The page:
One of the most impactful ways to manage this tension is to find what reward the food is providing for us and find a healthy, non-food experience to receive that same reward (1,3). For example, if you tend to overeat at Holiday gatherings, what are you looking for in the food? Celebration? Connection? Nostalgia? How can you experience those feelings without extra food? A few examples might be cooking healthy recipes with your loved ones, playing games, or building snowmen. Find what works for you!

Build Food Routines that Consistently Work for You

Have you ever seen those Instagram-Perfect photos of meal prep containers and felt like you could never do that? Good news: that is not the only way to meal prep! Find a meal routine that works for you and stick with it. For example: maybe every Tuesday is Taco-Salad Tuesday-that way you have a meal you can count on coming together easily and you do not have to stress on a busy weeknight. For others, this means choosing a few foods that they really like and eating those for mid-morning or mid-afternoon most days. It might get a little boring to have the same cheese stick or almonds every day, but if you have a snack you can count on, that is one less thing to worry about during a busy week. This can also mean having a couple of go-to choices at restaurants. Maybe you commit to yourself that you always choose the salad, the burger no bun, or the lettuce wrap appetizer. Be sure to pick something that you like! With the meal already chosen, you can have a go-to meal you can depend on and can relax and enjoy your time with your fellow diners (or your alone time not washing dishes!)(3). Consistency does not mean eating the exact same thing every day, but it can mean less stress of decision making, more frequent healthier choices, and less focus on food.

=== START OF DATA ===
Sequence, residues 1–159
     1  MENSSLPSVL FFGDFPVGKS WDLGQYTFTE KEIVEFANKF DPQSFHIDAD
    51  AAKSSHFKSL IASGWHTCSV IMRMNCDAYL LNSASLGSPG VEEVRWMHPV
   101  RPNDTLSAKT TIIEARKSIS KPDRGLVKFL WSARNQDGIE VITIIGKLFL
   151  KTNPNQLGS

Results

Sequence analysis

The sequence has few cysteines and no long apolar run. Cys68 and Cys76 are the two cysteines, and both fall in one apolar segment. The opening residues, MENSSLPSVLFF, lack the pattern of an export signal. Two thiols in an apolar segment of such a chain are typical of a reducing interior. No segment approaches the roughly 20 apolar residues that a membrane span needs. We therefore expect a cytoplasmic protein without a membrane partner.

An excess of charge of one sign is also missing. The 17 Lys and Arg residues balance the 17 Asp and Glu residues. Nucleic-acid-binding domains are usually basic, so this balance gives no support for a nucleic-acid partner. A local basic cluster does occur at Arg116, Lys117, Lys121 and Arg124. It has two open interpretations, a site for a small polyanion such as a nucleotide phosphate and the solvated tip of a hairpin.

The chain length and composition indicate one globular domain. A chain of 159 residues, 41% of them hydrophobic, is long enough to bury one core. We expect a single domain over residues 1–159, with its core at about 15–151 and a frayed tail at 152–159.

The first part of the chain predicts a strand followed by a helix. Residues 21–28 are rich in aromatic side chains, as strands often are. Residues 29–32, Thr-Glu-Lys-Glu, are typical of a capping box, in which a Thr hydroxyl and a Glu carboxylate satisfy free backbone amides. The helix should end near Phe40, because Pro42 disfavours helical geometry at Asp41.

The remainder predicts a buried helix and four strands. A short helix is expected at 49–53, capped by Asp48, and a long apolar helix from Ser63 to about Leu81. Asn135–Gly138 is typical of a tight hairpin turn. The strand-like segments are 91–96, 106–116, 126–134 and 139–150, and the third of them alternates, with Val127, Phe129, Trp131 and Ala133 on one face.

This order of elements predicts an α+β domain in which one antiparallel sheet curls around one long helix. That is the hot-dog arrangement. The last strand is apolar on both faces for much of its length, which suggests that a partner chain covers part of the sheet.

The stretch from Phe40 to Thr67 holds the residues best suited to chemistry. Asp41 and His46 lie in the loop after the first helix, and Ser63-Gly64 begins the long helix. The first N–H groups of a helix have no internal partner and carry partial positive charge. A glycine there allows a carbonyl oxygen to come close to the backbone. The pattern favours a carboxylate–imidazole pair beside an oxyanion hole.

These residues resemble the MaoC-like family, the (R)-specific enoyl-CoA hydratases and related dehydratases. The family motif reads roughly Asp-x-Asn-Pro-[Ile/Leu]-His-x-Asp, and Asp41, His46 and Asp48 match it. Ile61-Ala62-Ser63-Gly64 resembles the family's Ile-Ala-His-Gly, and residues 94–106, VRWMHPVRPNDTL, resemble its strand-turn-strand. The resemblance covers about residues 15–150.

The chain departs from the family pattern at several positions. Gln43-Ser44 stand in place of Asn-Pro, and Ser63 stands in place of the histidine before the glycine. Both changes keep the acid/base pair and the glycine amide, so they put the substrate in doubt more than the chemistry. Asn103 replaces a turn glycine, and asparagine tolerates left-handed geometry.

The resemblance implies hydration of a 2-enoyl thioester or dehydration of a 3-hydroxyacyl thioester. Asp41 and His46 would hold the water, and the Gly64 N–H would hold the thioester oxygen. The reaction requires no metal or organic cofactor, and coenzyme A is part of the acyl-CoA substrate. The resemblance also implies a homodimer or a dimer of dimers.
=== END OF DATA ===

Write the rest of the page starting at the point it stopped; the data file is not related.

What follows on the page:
Keep Moving

A lot of times we imagine that exercise will help us lose a lot of weight, but the truth is, while exercise has some benefit for weight loss, it has significant benefit for weight maintenance. Physical activity helps to keep our body in a healthy place to maintain a healthy weight. It counters the metabolism decrease that occurs naturally with weight loss, and it helps to regulate appetite. It can also be helpful to simply decrease sedentary activities like screen time (3).

By now, you’ve probably noticed a pattern. Habit change takes time and a strong support system. It also takes planning and strategizing both for our attitudes and our environments. Your Livea Team can help you customize your approach to find solutions that consistently work for you for long term success!


  1. Greaves C, Poltawski L, Garside R, Briscoe S. Understanding the challenge of weight loss maintenance: a systematic review and synthesis of qualitative research on weight loss maintenance. Health Psychol Rev. 2017 Jun;11(2):145-163. doi: 10.1080/17437199.2017.1299583. Epub 2017 Apr 7. PMID: 28281891.
  2. Hochsmann, C., Dorling, J.L., Martin, C.K., Newton, R.L., Apolozan, J.W., et. al. February 9, 2021. Effects of a 2-year primary care lifestyle intervention on cardiometabolic risk factors: A cluster-randomized trial. Circulation.
  3. Warshaw, H., 2020. Lifestyle changes that keep pounds off. Today’s Dietitian. 22(7), 30.